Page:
Obamacare Enrollment Problems Might Be Blessing in Disguise

If front-end problems are fixed quickly, back-end issues will be more apparent.

US President Barack Obama speaks about immigration reform in the East Room of the White House in Washington, DC, October 24, 2013. The President renewed his call for Congress to pass sweeping immigration reform.
National Journal
Sam Baker
Oct. 24, 2013, 1:49 p.m.

Quickly fix­ing Obama­care’s most vis­ible prob­lems could be a dis­aster for the health care law.

By now, pretty much every­one knows that Health­Care.gov, the main portal to ac­cess the law’s new in­sur­ance ex­changes, doesn’t work. When the site first launched, hardly any­one could cre­ate an ac­count to be­gin shop­ping for cov­er­age. And though the re­gis­tra­tion prob­lems have got­ten bet­ter, en­roll­ment is still an up­hill climb.

The site’s dis­astrous front end has over­shad­owed an­oth­er set of ser­i­ous prob­lems on the back end. In­sur­ance com­pan­ies say they’re see­ing wide­spread er­rors in the trickle of ap­plic­a­tions they do re­ceive through the ex­changes.

And un­til those er­rors can be fixed, it might be best to leave en­roll­ment at a trickle.

“Is CMS stu­pid enough to fix the front end of this thing be­fore they fix the back end?” asked Bob Laszewski, a health care con­sult­ant who works closely with in­surers.

In Laszewski’s view—and he’s hardly alone—the fact that users can’t eas­ily log in to Health­Care.gov is a bless­ing in dis­guise. Sure, it’s a polit­ic­al and pub­lic-re­la­tions head­ache for the White House, but leav­ing the back-end prob­lems un­checked could be a big­ger one.

In­sur­ance com­pan­ies are see­ing a range of er­rors in the ap­plic­a­tions they re­ceive through Health­Care.gov. One an­ec­dot­al re­port said a man showed up as hav­ing three spouses, two of whom were ac­tu­ally his de­pend­ents.

In­surers also say they’ve got­ten an en­roll­ment, fol­lowed by a can­cel­la­tion, fol­lowed by an­oth­er en­roll­ment. They don’t know why, and in some cases, the vari­ous doc­u­ments don’t have time stamps—so the in­sur­ance com­pany doesn’t know which is the most re­cent and, pre­sum­ably, the ac­cur­ate trans­ac­tion to pro­cess.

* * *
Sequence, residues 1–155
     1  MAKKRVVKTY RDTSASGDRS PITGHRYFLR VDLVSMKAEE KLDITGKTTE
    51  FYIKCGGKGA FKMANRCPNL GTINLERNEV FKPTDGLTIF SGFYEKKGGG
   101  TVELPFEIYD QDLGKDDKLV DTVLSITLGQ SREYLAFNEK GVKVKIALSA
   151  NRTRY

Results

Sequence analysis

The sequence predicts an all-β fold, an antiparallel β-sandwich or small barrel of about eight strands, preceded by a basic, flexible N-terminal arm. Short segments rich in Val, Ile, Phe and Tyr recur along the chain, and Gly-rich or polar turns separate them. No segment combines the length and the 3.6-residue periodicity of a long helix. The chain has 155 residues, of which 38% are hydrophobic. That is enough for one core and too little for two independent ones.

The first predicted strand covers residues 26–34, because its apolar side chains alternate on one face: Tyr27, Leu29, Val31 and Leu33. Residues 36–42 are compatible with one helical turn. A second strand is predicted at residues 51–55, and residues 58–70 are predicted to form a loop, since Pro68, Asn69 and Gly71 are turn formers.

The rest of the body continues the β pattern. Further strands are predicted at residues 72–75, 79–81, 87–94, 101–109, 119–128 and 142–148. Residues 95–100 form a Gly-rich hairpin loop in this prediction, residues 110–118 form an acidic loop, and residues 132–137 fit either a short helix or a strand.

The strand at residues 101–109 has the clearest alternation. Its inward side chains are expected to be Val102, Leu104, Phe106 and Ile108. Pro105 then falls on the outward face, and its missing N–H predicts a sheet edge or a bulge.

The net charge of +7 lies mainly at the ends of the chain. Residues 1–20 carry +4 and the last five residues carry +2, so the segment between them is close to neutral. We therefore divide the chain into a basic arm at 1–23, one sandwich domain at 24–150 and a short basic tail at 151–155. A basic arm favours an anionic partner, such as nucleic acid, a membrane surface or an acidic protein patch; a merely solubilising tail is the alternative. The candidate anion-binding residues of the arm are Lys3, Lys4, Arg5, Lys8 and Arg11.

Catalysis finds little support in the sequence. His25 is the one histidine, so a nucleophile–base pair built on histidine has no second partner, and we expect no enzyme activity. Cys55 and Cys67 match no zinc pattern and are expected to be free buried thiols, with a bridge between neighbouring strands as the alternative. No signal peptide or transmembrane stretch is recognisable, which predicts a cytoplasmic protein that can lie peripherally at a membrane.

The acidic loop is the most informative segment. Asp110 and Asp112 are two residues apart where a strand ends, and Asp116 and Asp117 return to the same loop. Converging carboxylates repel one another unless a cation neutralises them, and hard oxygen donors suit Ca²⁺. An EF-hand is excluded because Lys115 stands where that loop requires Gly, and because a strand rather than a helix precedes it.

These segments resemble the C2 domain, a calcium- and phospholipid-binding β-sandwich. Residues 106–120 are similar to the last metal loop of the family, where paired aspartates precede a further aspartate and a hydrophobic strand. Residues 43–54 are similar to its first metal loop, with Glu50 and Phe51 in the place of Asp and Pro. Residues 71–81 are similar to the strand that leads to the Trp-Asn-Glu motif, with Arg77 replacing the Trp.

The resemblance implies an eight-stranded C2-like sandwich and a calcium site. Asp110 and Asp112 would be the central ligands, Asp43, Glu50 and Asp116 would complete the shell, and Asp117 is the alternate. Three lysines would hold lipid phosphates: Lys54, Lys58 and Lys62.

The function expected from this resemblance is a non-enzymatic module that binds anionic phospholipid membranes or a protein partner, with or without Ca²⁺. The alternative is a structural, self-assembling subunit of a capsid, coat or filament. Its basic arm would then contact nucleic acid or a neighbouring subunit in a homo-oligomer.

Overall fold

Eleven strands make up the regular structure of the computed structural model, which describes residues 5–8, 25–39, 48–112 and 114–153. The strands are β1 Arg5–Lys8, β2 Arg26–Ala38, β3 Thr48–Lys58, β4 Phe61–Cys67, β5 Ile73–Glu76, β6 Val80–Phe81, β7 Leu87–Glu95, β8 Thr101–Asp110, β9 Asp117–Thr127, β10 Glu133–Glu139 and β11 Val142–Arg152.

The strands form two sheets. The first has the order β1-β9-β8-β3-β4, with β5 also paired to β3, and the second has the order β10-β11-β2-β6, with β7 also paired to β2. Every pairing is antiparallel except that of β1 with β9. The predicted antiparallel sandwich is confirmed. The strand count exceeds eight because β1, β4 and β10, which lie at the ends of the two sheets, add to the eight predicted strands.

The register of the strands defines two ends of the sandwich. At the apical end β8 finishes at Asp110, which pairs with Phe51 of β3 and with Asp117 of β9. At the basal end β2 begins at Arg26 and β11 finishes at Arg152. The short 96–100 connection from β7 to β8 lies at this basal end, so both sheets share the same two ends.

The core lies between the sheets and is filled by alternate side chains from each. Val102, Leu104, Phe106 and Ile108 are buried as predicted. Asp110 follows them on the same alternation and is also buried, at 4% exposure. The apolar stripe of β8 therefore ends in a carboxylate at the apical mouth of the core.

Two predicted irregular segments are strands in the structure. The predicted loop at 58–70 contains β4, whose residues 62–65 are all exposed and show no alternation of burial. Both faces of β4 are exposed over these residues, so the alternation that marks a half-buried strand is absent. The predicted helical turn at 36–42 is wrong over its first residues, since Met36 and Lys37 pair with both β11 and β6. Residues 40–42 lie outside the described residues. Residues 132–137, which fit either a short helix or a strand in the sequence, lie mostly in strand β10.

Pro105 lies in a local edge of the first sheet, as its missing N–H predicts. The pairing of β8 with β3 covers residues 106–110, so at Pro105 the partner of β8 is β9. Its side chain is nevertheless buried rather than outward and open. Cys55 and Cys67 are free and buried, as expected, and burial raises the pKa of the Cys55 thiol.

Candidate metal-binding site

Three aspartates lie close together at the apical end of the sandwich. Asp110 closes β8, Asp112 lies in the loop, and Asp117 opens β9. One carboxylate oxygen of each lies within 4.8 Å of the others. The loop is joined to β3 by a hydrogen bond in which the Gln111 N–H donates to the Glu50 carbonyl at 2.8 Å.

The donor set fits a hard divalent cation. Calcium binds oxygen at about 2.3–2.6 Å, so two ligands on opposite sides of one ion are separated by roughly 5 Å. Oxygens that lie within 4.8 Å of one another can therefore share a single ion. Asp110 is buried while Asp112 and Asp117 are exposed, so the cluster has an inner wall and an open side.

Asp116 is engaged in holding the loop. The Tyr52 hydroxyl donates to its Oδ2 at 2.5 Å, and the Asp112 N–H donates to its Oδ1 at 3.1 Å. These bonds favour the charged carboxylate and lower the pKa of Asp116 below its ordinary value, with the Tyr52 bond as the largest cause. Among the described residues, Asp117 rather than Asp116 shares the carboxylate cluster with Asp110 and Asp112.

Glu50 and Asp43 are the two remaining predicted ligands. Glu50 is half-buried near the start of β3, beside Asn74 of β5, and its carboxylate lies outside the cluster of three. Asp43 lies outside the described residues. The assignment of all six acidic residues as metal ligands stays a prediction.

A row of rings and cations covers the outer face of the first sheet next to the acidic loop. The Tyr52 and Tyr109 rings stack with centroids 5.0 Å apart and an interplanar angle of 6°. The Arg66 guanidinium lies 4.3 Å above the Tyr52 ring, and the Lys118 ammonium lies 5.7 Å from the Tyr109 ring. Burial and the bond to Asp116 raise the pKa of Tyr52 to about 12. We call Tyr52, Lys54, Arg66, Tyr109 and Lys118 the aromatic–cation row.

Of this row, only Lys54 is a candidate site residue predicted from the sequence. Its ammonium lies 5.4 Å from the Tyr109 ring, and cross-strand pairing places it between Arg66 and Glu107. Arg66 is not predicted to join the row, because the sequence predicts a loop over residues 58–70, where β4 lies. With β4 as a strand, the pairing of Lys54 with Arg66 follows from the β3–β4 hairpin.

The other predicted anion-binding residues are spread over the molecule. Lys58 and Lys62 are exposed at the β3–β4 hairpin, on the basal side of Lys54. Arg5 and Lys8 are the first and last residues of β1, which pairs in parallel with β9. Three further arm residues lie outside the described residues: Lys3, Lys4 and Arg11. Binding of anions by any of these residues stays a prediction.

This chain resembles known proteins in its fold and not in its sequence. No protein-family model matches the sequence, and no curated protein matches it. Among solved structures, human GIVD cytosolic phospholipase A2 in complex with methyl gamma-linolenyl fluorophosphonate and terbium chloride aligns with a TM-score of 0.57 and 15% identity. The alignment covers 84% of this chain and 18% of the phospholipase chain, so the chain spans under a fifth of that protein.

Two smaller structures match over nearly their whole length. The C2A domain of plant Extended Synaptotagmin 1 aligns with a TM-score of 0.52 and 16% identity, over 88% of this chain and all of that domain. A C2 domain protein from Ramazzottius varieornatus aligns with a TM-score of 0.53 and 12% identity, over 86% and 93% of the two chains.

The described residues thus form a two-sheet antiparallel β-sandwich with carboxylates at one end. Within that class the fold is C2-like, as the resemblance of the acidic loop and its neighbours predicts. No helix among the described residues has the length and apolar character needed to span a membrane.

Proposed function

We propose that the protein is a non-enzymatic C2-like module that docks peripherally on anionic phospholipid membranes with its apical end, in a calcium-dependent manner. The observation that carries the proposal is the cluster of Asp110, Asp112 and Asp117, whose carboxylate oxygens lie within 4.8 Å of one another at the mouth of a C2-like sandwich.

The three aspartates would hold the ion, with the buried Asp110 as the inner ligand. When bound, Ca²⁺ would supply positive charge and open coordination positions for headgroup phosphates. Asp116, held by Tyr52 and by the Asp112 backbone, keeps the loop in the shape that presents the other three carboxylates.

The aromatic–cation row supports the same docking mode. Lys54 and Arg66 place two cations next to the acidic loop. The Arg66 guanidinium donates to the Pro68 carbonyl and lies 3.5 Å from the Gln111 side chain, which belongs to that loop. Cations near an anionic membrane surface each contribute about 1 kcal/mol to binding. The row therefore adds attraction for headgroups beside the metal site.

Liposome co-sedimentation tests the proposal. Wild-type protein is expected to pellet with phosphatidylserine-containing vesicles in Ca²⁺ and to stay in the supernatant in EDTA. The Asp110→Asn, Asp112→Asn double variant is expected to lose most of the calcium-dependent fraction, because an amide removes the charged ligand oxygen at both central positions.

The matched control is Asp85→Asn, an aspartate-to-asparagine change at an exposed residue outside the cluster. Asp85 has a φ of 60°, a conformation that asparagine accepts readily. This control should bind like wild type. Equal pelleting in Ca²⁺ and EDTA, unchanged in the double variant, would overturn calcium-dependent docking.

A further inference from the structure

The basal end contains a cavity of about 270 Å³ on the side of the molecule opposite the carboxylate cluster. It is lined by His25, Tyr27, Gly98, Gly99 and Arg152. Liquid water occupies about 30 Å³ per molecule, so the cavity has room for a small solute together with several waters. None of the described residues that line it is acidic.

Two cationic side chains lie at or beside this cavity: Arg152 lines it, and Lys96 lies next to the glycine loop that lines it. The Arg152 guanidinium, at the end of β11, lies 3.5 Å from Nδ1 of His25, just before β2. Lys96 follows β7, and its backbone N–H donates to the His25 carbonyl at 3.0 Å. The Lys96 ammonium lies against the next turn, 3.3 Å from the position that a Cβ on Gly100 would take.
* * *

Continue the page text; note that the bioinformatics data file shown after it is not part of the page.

CGI, the con­tract­or that built most of Health­Care.gov, down­played the back-end er­rors dur­ing a con­gres­sion­al hear­ing Thursday.

“We have un­covered a num­ber of those scen­ari­os—not sig­ni­fic­ant—but a num­ber of them. “¦ Most of them are isol­ated, not across the board for all in­surers,” CGI’s Cheryl Camp­bell said.

But an in­sur­ance in­dustry of­fi­cial said the prob­lems are ac­tu­ally much more wide­spread than Camp­bell in­dic­ated. In­surers simply don’t have much con­fid­ence in the data they’re get­ting, even the ap­plic­a­tions that don’t con­tain ob­vi­ous er­rors.

Laszewski ques­tioned wheth­er CMS is truly work­ing over­time to fix the site’s front-end prob­lems, in which case “they’re about to flood the in­sur­ance com­pan­ies with crummy data,” or quietly let­ting the sign-up prob­lems linger to help identi­fy and fix back-end er­rors.

The lat­ter would be the smarter move, he said, but it would also be an ac­know­ledge­ment of ser­i­ous prob­lems in the en­roll­ment pro­cess.

“They’re either really stu­pid or they’re smart. And if they’re smart, this is de facto shut down,” he said.

Right now, the flow of new en­rollees from Health­Care.gov is so slow that in­sur­ance com­pan­ies can mon­it­or ap­plic­a­tions by hand, track­ing down in­con­sist­en­cies one by one. But if hun­dreds or thou­sands of people start to come through the sys­tem, in­surers won’t be able to keep up—and they could end up get­ting the blame from angry cus­tom­ers for prob­lems they didn’t cause.

In­surers also don’t yet know the ex­tent of the ex­changes’ bad-data prob­lems.

Health­Care.gov batches and sends over all of its en­roll­ments every night. But only two of the state-run ex­changes (which total 14, plus the Dis­trict of Columbia) are sub­mit­ting en­roll­ments to in­sur­ance com­pan­ies; the rest are hold­ing off un­til at least Nov. 1, while they con­tin­ue to test their own sys­tems.

States are giv­ing each in­surer a sense of how many people signed up for each plan, but the com­pan­ies don’t know who their new cus­tom­ers are—wheth­er they’re the young, healthy con­sumers in­surers cov­et, or older, sick­er en­rollees who are more likely to file ex­pens­ive claims.

Chris Clark, the tech­no­logy pro­gram man­ager for Ken­tucky’s state-based ex­change—widely con­sidered one of the best in the coun­try—said the state and in­sur­ance com­pan­ies agreed early on to a delayed sub­mis­sion pro­cess. Ken­tucky is still test­ing the ac­cur­acy of the en­roll­ment forms it will sub­mit to in­surers.

“We’re very con­fid­ent that that pro­cess is go­ing to work smoothly,” Clark said.

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